The DOC would be open to such a position, says Moodry, although there is currently not enough funding for it.

Most of the incidents in New-Holy’s report involve maximum security prisoners. The Low- and High-Side inmates, who have regular access to the sweat lodge and other ceremonies, are more content but are still not satisfied. Several declined to judge the situation one way or the other until a meeting among inmates, state representatives, and DOC officials is rescheduled. The meeting, meant to address various concerns of Native American inmates, not just religious ones, was cancelled because of security concerns regarding the number of inmates who insisted on attending.

While Pins is dismayed by some of the specific incidents cited by New-Holy, and security measures do sometimes keep him from facilitating worship, he believes real progress is being made. There are legitimate spiritual concerns, he says, but in some cases, individual issues have to be understood in the larger context of prison power dynamics. Some complaints are ultimately about “bulldogging,” the prison practice of getting the upper hand and forcing someone to concede something. When dealing with authority figures, bulldogging sometimes takes the form of pushing legitimate concerns like religious rights. It is another hard line to draw.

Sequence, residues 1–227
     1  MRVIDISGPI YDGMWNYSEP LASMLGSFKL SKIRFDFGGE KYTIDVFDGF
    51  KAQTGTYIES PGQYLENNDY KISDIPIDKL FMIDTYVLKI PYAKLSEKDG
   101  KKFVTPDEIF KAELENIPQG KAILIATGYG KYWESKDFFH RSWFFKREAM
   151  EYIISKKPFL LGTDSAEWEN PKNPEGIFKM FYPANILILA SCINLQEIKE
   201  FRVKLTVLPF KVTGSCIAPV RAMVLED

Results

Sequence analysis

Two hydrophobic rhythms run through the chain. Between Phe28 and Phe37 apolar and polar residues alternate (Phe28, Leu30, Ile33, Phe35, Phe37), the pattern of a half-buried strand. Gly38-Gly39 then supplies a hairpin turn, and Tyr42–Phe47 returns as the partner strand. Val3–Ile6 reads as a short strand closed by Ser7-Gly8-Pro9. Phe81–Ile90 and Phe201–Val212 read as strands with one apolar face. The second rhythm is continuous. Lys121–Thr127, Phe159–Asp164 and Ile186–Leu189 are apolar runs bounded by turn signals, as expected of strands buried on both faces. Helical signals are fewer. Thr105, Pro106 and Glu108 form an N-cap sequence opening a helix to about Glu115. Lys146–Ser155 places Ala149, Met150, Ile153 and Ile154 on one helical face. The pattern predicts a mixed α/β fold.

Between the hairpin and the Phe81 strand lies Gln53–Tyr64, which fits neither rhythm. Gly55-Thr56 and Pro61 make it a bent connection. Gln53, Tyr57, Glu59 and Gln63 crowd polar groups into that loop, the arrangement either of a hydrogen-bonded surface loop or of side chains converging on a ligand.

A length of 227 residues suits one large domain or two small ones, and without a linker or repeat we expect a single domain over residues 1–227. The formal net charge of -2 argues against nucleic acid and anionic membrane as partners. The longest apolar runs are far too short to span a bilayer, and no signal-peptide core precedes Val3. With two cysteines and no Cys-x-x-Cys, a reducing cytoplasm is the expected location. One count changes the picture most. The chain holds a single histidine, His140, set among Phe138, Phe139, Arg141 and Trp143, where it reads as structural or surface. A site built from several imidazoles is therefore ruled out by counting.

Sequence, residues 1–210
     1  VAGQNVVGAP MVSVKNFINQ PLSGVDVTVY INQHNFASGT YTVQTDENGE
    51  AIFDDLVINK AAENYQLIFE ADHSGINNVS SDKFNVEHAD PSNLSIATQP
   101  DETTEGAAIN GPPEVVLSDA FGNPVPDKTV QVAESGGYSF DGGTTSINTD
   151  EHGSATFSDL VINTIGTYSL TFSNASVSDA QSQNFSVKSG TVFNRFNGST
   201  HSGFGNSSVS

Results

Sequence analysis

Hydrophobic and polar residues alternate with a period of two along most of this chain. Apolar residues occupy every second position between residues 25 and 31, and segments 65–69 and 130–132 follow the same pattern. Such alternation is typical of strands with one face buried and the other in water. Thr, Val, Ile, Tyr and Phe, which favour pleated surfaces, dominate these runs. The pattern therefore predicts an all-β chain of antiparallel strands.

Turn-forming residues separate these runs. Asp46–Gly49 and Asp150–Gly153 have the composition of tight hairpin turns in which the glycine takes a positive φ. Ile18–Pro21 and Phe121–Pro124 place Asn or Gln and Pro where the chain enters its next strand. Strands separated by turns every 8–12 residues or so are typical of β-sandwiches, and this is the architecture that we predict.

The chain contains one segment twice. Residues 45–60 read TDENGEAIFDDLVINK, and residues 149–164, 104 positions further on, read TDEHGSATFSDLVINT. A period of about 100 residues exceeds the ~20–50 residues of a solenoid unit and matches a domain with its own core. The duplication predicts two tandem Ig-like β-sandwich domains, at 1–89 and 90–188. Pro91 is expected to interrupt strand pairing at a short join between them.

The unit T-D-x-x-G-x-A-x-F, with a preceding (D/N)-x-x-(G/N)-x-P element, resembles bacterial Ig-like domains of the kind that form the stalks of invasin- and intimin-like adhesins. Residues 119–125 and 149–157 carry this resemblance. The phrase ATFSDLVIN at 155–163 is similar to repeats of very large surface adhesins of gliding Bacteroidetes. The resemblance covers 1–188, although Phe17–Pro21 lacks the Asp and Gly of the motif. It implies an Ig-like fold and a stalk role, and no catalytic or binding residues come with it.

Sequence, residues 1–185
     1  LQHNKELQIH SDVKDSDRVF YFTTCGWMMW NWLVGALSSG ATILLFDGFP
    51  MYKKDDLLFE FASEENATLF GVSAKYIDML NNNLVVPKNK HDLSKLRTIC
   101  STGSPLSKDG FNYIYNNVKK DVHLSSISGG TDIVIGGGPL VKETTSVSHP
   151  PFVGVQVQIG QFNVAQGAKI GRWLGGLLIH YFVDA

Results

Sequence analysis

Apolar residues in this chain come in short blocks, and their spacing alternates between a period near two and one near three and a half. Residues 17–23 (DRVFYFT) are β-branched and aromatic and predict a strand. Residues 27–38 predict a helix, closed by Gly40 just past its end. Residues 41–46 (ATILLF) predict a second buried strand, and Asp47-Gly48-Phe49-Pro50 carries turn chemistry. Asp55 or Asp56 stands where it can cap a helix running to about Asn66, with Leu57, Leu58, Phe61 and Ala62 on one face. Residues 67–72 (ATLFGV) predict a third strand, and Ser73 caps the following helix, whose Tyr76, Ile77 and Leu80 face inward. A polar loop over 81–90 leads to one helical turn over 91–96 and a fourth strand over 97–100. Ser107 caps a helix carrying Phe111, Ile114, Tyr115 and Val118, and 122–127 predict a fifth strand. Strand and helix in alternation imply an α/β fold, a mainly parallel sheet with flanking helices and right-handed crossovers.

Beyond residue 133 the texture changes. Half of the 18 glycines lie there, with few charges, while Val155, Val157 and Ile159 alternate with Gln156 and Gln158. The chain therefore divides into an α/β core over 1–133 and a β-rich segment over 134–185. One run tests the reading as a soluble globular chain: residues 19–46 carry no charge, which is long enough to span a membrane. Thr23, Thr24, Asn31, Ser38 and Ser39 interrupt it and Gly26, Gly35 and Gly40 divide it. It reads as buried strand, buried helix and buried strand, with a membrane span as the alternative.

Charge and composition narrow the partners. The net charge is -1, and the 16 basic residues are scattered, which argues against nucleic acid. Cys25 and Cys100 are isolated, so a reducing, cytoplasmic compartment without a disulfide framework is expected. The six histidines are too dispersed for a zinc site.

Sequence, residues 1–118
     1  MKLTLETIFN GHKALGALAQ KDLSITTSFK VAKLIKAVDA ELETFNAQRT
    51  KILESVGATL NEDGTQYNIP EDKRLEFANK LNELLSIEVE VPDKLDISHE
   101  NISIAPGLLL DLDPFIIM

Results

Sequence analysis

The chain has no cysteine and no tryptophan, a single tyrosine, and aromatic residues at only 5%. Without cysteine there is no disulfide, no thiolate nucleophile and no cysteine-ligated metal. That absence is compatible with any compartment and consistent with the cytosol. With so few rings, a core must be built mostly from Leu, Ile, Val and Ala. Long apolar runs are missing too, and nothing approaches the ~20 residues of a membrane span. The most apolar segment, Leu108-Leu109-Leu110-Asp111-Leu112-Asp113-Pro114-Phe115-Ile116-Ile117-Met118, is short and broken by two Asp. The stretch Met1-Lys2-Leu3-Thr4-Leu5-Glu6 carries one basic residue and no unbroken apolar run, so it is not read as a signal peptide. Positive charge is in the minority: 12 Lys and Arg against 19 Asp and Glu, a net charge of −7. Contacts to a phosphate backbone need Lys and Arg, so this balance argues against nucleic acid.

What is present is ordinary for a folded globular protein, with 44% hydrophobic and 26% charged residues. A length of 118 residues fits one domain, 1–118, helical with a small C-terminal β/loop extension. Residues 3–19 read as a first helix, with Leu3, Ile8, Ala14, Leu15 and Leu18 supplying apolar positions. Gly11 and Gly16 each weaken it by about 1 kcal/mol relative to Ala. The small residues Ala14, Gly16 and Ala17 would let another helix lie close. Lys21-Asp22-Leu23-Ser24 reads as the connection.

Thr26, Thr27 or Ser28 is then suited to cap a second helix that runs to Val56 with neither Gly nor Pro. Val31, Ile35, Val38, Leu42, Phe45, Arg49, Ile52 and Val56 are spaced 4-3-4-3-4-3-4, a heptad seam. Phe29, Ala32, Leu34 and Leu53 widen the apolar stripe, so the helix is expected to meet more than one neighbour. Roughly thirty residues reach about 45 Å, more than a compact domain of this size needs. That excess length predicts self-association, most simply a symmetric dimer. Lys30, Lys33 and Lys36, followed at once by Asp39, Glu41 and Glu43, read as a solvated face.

Hard time realities

As the day winds down, Pins wraps up his first Mass, and prepares for the second. There is a college football game on television, which always brings down attendance. Low side Mass draws 18 people. One of them, a young man who also went to the discussion group earlier in the day, is getting released soon. His family was religious but he never was. Now he attends the class and services regularly.